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FuelRod class action lawsuit filed over new swap fee at theme parks

by Brittani Tuttle

A new class-action lawsuit has been filed against the manufacturer of FuelRod, just after new swap fees were announced for the rechargeable battery kiosks at Walt Disney World Resort.

fuelrod

This lawsuit, filed by the Law Office of Carey, Danis & Lowe, accuses Tricopian, Inc. (FuelRod’s parent company) and related parties of breach of contract, violation of the California Unfair Competition Law, violation of the California Consumer Legal Remedies Act, and false and misleading advertising.

In layman’s terms, the named plaintiff, Tyler Veasey of Sarasota, Fla., and those who join the suit, are seeking damages and related costs stemming from FuelRod’s change from unlimited, free battery swaps to a pay-per-swap model.

According to the lawsuit, this “unlimited, free swaps” guarantee was a large part of the company’s marketing and was the primary benefit of purchasing a FuelRod. Because of the change to charge per swap, the plaintiff and those in the suit feel as though they now have a lesser-than product that they would not have purchased at all or would have rather purchased at a lower price.

According to the case filing, FuelRods fall short of the normal quality in comparison to other portable chargers: the batteries are “rated at only 2600 mAh (milli-Ampere-hours), meaning that they are unable to even deliver a single complete charge to a modern generation smartphone,” which has an internal battery “between 2700 and 3300 mAh.” As for charging speed, portable batteries are rated “between 1 and 2.4 A (amps),” with the higher number meaning a higher charging speed. FuelRods are “on the low end of that spectrum, charging a single device at 1 A.”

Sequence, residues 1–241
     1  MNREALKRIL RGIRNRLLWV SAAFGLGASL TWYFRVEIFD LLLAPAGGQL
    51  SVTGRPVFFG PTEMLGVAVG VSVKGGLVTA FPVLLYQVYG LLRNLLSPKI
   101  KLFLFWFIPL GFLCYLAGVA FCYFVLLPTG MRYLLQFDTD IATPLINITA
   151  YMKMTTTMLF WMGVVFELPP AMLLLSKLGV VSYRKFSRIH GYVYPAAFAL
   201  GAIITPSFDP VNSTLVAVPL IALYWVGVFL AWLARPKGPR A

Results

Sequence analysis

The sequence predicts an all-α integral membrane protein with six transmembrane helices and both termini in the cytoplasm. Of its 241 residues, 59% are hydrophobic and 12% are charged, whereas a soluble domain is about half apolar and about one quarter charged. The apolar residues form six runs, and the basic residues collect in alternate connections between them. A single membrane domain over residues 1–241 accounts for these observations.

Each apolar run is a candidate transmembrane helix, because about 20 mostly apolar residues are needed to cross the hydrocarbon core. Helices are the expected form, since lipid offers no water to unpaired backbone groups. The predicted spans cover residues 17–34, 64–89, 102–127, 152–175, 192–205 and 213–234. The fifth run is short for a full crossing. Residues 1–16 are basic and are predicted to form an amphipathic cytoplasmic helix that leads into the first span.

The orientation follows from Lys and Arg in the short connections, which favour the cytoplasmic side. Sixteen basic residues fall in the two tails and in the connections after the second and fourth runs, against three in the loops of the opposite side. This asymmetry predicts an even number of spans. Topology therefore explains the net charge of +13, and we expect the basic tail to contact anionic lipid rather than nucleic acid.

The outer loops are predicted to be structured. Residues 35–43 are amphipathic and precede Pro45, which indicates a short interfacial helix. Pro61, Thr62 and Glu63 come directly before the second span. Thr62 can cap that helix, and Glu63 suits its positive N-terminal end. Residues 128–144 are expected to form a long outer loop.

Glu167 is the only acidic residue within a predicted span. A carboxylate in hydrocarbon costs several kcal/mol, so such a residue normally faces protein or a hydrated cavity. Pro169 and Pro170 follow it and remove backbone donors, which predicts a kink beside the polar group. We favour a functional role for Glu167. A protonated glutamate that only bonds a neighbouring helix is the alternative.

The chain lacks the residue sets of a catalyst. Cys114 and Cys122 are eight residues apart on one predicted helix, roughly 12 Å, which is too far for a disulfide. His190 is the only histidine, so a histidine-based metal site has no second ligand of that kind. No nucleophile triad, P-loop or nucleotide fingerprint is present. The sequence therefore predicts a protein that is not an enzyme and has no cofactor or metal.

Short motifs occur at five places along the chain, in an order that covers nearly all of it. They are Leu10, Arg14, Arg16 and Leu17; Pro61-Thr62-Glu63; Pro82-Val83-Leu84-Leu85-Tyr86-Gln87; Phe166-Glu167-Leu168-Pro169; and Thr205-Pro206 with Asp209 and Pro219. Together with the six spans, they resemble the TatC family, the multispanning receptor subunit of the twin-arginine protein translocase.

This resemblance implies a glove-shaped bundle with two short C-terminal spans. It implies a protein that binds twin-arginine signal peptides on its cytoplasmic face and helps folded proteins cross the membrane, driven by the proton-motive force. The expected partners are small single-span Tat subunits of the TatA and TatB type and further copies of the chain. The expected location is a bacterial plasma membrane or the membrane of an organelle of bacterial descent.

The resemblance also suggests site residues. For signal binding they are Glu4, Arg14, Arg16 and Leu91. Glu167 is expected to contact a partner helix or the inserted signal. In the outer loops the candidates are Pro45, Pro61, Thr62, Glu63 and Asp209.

We reached out to FuelRod for a statement on the lawsuit, but have not heard back as of the time of this publishing.

According to James J. Rosemergy, Esq. of Carey, Danis & Lowe, if there is a positive outcome for the lawsuit, “anyone impacted will have the opportunity to participate whether they have formally joined the suit or not.”

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8 comments

Mr Nico October 29, 2019 - 3:59 pm

I don’t see this going anywhere.

Reply
Tony October 29, 2019 - 11:05 pm

You must not live in California. Strongest consumer protection laws in the world by far.

Reply
Athenarose October 29, 2019 - 5:25 pm

I love it !Hey how do I add my name to this lawsuit.lol I wouldnt have bought them either but the free swaps sold me..

Reply
ALan October 30, 2019 - 3:36 am

I fully support this. I bought one with the understanding I could swap it forever. That was the sales pitch. How do we join this suit?

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Bill October 30, 2019 - 10:46 am

I have several of these and enjoy using them. I think it’s a good idea, and obviously he has made money on it (guessing). But you can’t change the business model in the middle of the 4th quarter.

Reply
Traci October 30, 2019 - 12:37 pm

How do I join this lawsuit? Tired of being “done over” Would never have bought the darned thing 2 or 3 years ago. total greed.

Reply
Daniel Ortiz October 30, 2019 - 4:19 pm

Universal Studios Florida charges $3 per swap.

Reply
STEVEN GRIMSLEY October 31, 2019 - 1:29 pm

I wish to join this also as i purchased it with the understanding it was unlimited swapping for free

Reply

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